Cytotec is a synthetic prostoglandin intended for use in the treatment of gastric ulcers. The FDA has not approved cytotec for use in inductions, however it is used commonly. It is important for expectant mothers to research the risks and benefits of using cytotec for induction purposes.
What is cytotec?
Cytotec (also known as misoprostol) is a synthetic prostoglandin manufactured by Searle Pharmaceuticals and is intended for use in the treatment of gastric ulcers. Prostoglandins play an important role in the softening of the cervix, preparing it to respond to the contractions.
How is cytotec used?
Cytotec is available in pill form and may be administered orally, but when used for induction, the pill is usually administered vaginally, near the cervix. This allows the prostoglandin properties of the medication to begin working on the cervix.
What are some reasons cytotec may be needed?
Cytotec is used to help soften the cervix and begin labor. Cytotec is often used when the cervix is considered less than favorable for induction.
A cytotec induction may be used when an induction is deemed medically necessary due to conditions such as toxemia or intrauterine growth restriction. Alternately, cytotec may be used in elective inductions done for reasons such as scheduling conflicts on the part of the patient or physician, or simply the mother’s desire to end her pregnancy and meet her baby.
What are the advantages of cytotec?
Cytotec has been proven to begin labor quicker than pitocin. Many physicians find it more efficient in starting labor than other labor inducing agents.
Cytotec is relatively inexpensive, easy to store and readily available in more hospitals making it a more popular choice among physicians and patients.
What are the disadvantages of cytotec?
Cytotec increases the risk of uterine hyper stimulation, and the risk of uterine rupture. Uterine rupture is life-threatening for both the mother and baby and a cesarean must be performed immediately.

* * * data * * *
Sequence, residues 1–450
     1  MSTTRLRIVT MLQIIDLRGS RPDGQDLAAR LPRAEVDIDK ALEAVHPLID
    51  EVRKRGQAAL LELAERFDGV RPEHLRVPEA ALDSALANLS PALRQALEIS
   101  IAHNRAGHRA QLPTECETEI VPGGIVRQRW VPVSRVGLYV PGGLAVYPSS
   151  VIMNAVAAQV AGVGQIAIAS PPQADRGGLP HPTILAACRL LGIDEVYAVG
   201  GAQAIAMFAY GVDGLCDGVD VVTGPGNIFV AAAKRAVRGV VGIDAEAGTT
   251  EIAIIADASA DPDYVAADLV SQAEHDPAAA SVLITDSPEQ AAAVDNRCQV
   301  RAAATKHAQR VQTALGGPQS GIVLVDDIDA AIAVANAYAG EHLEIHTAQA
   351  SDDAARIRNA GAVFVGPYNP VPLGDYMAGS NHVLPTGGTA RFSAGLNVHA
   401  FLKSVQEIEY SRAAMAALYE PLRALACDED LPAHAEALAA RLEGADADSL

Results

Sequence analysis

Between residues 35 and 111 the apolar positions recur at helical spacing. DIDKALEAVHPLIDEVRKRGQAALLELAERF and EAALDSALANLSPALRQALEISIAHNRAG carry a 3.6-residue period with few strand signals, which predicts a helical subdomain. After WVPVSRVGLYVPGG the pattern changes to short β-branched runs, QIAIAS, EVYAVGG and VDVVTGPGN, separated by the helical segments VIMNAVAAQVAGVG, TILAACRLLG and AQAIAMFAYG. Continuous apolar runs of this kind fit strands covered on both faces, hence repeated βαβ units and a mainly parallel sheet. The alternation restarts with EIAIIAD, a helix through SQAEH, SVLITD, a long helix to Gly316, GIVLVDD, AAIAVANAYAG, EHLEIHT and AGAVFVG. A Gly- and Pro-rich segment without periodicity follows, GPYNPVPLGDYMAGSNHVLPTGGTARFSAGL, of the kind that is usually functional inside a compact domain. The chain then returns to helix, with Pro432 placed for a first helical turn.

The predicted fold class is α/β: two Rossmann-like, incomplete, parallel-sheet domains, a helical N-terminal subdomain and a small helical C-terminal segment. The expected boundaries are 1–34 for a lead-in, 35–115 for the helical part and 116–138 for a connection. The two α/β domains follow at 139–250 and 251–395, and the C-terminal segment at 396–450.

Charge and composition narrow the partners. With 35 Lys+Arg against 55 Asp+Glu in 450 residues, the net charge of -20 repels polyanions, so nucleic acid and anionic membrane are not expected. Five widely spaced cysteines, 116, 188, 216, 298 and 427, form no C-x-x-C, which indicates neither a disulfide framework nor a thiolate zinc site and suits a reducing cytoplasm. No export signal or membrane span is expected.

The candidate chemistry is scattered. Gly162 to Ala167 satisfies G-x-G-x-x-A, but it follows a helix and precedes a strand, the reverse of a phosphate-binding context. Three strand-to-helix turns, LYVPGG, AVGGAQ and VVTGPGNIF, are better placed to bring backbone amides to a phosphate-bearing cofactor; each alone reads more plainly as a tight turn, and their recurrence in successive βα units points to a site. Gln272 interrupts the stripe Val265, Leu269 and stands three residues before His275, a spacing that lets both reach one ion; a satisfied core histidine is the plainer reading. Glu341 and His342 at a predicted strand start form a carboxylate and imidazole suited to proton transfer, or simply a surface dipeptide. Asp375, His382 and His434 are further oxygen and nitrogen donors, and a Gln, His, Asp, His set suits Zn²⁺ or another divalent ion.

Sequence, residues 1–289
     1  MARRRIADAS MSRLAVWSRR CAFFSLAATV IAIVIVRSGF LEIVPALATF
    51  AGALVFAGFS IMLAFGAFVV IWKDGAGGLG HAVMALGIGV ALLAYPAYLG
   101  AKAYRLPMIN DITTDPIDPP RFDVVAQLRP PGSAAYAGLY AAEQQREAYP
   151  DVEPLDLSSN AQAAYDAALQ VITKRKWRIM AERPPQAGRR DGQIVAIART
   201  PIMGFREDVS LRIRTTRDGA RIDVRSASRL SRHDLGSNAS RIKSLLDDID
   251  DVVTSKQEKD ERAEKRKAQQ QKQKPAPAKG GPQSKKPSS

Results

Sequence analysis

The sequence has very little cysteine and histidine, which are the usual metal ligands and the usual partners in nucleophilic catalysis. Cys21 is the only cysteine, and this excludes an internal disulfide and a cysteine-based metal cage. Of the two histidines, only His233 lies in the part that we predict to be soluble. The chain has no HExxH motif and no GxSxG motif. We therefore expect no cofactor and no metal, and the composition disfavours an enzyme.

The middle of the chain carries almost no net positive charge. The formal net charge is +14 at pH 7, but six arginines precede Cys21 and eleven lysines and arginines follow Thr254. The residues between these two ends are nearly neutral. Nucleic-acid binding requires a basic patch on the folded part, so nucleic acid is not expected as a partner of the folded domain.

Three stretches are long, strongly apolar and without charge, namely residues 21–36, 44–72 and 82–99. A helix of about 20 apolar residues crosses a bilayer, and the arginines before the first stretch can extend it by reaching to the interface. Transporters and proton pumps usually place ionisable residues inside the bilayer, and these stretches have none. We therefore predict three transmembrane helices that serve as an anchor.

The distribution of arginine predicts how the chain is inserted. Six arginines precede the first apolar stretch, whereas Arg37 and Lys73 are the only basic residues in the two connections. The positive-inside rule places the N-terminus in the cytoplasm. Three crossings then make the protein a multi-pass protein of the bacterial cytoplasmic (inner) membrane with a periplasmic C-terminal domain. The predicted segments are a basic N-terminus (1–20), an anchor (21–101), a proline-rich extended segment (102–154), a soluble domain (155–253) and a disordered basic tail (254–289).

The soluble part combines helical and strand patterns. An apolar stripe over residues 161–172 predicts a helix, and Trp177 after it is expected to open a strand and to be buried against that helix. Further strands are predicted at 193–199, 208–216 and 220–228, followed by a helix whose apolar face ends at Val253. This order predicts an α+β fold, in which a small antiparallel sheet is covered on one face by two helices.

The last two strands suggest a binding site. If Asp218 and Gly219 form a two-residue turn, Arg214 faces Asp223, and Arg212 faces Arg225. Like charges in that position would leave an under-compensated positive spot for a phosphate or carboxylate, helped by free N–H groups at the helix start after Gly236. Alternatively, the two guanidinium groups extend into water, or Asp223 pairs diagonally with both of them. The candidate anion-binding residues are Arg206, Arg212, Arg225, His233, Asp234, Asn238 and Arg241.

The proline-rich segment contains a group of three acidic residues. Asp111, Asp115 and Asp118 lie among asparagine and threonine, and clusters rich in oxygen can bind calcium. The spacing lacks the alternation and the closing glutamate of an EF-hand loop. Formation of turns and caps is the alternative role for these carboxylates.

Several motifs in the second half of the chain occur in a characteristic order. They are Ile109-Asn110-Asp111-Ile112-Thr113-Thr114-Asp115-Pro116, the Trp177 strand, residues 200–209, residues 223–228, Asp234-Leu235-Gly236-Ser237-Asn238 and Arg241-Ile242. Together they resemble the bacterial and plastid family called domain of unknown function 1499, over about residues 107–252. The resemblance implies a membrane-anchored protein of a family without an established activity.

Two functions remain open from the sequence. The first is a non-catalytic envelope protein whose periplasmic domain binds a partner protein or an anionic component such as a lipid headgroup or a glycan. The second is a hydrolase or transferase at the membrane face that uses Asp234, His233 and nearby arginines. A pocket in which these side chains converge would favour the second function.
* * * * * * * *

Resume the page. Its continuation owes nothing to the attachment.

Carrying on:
Once administered, the effects of cytotec cannot be reversed or slowed down after administration.
Cytotec has not been approved for use in inductions, and no safe or effective dose has been established for use in inductions.
While undergoing a cytotec induction, the woman must remain on either internal or external fetal monitors to monitor for any fluctuations in the baby’s heart rate, as well as to monitor the intensity and frequency of the woman’s contractions. This monitoring greatly limit’s the woman’s mobility, which may have an adverse affect on labor progression as movement during labor helps promote healthy labor progression.
Cytotec may increase the risk of fetal distress as well as increase the instances of me conium stained fluid, which may lead to respiratory issues in the newborn.
“Cytotec – Labor Induction.” Birthing Naturally. Web. 26 Sept. 2010.
“Cytotec: Safe for Inducing Labor? – IVillage.” IVillage.com: Health, Beauty, Pregnancy, Entertainment, Women’s Community and More. Web. 26 Sept. 2010.
“Misoprostol (Cytotec) for Labor Induction: A Cautionary Tale.” International Cesarean Awareness Network. Web. 26 Sept. 2010.